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Amplifying PWM signal

Discussion in 'General Electronics Discussion' started by willingtolearn, May 3, 2014.

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  1. willingtolearn

    willingtolearn

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    May 3, 2014
    Hi guys!

    I'm new to the forum and a novice at electronics but not totally clueless. My question is this;

    I need to take a PWM signal from a printers carriage motor, amplify it, and feed the same control signal to a larger motor with more power. I'll need to be able to adjust the amount of power via a POT. Any help is appreciated and I look forward to becoming less of a newb. :p


    Ryan
     
  2. (*steve*)

    (*steve*) ¡sǝpodᴉʇuɐ ǝɥʇ ɹɐǝɥd Moderator

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    Jan 21, 2010
    PWM already controls the amount of power. So there's no reason for a pot because you'd be changing the PWM signal.

    A lot depends on the type of motor. In the simple case you just use the existing PWM signal to switch a suitable mosfet (or a suitable power bipolar transistor).

    If it's a stepper motor or a brushless motor then the signal is not PWM, or there's more going on than just PWM and the problem becomes potentially more difficult.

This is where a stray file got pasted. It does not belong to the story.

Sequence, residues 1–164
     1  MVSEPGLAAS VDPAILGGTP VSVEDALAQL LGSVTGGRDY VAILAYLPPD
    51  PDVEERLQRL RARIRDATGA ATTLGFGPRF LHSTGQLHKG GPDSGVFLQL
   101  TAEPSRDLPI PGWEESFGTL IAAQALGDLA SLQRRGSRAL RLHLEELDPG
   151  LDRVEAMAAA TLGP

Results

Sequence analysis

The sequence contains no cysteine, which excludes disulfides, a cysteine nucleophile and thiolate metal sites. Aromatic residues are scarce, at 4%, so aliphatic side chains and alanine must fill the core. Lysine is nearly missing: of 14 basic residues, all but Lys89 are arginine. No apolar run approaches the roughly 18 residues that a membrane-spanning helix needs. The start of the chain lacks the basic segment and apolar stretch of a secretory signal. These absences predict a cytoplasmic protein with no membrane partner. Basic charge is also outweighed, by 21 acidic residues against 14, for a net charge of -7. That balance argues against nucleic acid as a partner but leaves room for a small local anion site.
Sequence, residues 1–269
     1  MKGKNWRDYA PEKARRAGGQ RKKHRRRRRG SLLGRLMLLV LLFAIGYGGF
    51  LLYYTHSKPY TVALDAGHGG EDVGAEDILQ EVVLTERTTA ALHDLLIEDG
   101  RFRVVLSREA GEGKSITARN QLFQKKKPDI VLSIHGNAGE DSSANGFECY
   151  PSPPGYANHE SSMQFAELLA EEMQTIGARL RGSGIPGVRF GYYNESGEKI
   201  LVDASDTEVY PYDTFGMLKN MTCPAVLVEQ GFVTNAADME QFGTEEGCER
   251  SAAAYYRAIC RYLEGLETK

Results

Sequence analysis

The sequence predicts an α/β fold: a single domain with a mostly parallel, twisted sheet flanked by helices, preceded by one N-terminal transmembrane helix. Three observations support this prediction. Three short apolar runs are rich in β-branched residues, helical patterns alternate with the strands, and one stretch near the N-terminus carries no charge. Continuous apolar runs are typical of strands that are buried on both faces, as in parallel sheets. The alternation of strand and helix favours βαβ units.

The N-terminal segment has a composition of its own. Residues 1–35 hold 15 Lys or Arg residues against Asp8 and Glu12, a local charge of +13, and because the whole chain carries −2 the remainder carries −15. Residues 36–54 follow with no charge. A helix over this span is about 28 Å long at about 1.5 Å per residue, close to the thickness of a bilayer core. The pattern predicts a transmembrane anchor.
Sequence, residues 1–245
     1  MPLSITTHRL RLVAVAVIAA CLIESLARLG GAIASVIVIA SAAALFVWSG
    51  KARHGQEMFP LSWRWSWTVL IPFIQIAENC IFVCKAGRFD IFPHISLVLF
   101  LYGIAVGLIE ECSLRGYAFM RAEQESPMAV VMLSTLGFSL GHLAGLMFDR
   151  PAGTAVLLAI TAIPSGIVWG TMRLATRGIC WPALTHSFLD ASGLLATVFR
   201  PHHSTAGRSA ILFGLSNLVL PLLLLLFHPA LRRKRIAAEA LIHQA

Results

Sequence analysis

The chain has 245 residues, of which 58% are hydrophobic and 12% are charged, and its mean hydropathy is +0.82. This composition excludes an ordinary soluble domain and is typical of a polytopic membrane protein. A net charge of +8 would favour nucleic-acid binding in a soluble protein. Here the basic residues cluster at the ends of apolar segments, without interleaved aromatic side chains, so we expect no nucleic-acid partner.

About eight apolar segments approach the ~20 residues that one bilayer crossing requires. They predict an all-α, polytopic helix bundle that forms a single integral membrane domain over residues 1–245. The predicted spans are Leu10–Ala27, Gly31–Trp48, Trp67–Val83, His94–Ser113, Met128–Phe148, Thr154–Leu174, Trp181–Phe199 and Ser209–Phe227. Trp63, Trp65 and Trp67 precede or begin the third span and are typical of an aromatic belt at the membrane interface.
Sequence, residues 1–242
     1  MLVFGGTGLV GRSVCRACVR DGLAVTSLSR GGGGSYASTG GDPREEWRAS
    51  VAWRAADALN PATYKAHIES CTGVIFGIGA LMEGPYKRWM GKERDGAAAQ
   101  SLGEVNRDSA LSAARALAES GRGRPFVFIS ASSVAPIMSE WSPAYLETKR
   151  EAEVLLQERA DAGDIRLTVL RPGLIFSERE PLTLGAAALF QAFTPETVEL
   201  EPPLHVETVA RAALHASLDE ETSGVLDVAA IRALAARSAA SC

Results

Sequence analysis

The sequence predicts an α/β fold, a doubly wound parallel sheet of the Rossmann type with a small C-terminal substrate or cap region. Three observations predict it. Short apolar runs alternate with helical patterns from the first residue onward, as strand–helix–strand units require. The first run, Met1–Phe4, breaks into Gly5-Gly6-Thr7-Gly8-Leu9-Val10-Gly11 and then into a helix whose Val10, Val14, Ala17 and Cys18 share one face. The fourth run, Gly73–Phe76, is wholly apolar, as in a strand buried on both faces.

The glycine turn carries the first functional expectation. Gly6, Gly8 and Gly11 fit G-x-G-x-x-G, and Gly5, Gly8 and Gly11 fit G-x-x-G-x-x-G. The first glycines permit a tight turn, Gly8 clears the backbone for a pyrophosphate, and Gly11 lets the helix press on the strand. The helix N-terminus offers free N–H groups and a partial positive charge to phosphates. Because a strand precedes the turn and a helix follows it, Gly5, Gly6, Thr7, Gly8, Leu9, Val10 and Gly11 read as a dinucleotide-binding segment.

3. willingtolearn

    willingtolearn

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    May 3, 2014
    Thanks for the response! I'll give a little more info that might clear things up. The motor is basically a brushed DC motor. When the printer's logic sees that the duty cycle gets too high on the motor, it causes it to slow down and pause at the end of each pass.

    What i need to do is keep the duty cycle low, so the printer thinks everything is fine and it's not overworking itself. I've tried a larger motor with no success. Any suggestions?
     
  4. (*steve*)

    (*steve*) ¡sǝpodᴉʇuɐ ǝɥʇ ɹɐǝɥd Moderator

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    That would require a change in the logic in the printer's software. It would be difficult to prevent the motor slowing down (but would possibly be doable), but it would be a whole other kettle of fish to remove the time delay.
     
  5. willingtolearn

    willingtolearn

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    May 3, 2014
    maybe i should say my goal isn't to completely remove the slow-down, but to beef it up to the point where it can overcome friction built up on the print shaft. maybe a 20 or 30% gain
     
  6. (*steve*)

    (*steve*) ¡sǝpodᴉʇuɐ ǝɥʇ ɹɐǝɥd Moderator

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    Jan 21, 2010
    OK, so what are the specs on the original motor and on the new one?
     
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